The Business In an antique-furnished setting, this 72-year-old concern offers 50 kinds of chocolates made in copper kettles, imprinted with antique markers, and cooled on marble tables. The truffles, turtles, and solid-chocolate molds hit the spot in four-star restaurants and upscale stores throughout Wisconsin. Retail sales account for only 42% of revenues, yet little has been done to enhance the richer wholesale end. The quality-conscious owners have limited automation to an enrober that dips handmade centers in chocolate. One full-time employee makes candy and supervises the store, while two part-timers operate the enrober, package the confections, and clean. Sated by the sweet life, the owner is ready for a new regimen.

Financial Summary 1992 1993 1994*
Gross revenues $68,864 $47,385 $53,366

Recast earnings before $23,107 $2,306 $14,612

depreciation, interest, taxes,

and owner compensation *estimated

Price $40,000, including inventory (seller financing possible)

Outlook A few huge manufacturers dominate the $11-billion confectionery industry, but the 2,000 small family-owned candy enterprises (many of them 85-plus years old) escape such challenges as new federal labeling regulations. Until recently, the industry was considered economy-proof -- confections sold well throughout the depression -- but candy manufacturers of all sizes are finally recovering from the bitter aftertaste of a recent economy gone soft as vanilla creams. The Great Lakes area, with its onetime influx of candy-making immigrants, remains the hub of the industry and a strong market. Ingredients for increasing revenues include boosting wholesale business, relocating to a larger town, doing direct-mail marketing, and advertising. Add to the product mix, and a new owner might well enrich this rather small-ticket venture.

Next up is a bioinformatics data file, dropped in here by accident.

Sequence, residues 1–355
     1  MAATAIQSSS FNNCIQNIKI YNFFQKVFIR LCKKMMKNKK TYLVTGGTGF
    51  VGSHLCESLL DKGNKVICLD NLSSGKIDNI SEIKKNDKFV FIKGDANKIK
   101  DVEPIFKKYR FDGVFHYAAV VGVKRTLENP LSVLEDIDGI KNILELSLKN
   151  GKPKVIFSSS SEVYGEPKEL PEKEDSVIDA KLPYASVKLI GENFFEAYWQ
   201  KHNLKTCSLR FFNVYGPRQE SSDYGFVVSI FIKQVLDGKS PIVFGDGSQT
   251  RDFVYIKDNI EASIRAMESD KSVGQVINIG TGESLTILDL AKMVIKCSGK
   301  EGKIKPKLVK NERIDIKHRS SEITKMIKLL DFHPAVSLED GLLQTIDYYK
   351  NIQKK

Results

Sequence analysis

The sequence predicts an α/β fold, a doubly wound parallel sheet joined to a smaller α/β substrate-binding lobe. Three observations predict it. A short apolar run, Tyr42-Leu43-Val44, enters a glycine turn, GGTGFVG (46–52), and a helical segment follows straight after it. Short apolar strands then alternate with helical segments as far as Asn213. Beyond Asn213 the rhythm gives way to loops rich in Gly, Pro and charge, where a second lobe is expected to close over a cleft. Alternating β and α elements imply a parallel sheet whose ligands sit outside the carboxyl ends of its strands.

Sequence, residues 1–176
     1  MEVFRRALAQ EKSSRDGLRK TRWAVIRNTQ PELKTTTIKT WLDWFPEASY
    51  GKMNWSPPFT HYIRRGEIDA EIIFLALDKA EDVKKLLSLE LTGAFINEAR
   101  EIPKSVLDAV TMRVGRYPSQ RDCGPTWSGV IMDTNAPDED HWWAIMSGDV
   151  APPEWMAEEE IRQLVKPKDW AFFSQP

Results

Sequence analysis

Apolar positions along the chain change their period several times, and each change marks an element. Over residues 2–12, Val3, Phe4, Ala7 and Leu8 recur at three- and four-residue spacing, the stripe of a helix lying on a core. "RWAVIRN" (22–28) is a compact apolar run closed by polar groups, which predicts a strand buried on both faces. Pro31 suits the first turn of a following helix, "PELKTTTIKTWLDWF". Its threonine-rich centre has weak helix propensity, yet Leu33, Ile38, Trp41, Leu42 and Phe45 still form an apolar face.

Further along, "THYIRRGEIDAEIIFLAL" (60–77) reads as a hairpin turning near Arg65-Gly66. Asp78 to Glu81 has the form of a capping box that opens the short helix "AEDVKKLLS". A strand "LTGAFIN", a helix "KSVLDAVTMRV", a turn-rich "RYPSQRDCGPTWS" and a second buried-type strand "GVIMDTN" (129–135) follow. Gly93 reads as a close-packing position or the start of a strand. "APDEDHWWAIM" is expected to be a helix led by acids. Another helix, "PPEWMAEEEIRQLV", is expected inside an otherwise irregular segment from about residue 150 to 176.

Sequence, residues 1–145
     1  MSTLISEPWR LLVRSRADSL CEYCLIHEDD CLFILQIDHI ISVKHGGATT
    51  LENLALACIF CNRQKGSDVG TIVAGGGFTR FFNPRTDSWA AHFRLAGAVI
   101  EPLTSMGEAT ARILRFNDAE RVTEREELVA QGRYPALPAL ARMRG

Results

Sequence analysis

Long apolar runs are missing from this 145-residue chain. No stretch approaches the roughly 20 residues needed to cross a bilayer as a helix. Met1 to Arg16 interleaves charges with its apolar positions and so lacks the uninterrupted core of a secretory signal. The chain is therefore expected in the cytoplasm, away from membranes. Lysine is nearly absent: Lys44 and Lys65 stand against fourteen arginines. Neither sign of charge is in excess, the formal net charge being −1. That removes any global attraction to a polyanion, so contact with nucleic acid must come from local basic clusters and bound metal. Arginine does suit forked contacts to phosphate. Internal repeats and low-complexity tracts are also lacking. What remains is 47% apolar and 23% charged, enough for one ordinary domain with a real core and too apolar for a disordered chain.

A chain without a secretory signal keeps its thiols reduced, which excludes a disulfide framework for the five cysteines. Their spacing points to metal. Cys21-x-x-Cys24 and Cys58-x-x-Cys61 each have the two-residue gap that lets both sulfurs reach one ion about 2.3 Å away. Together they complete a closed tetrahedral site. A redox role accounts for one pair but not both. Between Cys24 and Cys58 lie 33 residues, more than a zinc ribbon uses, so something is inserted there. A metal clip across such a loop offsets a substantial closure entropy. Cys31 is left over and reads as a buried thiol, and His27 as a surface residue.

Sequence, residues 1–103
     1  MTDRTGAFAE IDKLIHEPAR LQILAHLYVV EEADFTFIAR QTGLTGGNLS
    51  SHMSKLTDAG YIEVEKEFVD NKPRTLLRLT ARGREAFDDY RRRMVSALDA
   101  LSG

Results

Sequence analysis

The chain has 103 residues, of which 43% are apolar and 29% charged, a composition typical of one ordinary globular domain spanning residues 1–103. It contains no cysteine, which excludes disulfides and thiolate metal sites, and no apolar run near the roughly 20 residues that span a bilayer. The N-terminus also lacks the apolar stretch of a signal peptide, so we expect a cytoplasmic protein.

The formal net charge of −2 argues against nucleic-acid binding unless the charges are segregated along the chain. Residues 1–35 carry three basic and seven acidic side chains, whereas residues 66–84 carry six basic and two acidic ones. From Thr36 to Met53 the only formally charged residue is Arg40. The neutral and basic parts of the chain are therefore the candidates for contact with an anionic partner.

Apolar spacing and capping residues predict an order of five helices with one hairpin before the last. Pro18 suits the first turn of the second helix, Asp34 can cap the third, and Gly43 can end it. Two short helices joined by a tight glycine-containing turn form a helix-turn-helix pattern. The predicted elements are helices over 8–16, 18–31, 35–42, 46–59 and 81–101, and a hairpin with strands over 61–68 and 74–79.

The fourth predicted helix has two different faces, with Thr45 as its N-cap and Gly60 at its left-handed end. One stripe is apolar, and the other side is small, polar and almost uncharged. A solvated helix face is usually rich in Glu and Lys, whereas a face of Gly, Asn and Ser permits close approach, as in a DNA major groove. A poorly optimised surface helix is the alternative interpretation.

Price Rationale Experts agree that the price is reasonable for what is essentially a sale of assets: $20,000 for the turnkey operation, plus the value of inventory. To start from scratch -- equipping and stocking a new shop in an unproven location with no established customer base -- would certainly cost more. Still, for a business in this industry to be considered salable, experts cite benchmark revenues of $300,000.

Pros Melt-in-your-mouth potential. You'll have everything you need, including an excellent reputation in a strong market.

Cons If you can't handle the marketing challenges, ownership will be only semisweet. -- Robina A. Gangemi

Inc. has no stake in the sale of the business featured. The magazine cannot confirm the accuracy of the financial or other information offered by the seller. Inquiries should be directed to First Commerce Business Group, 414-494-3122.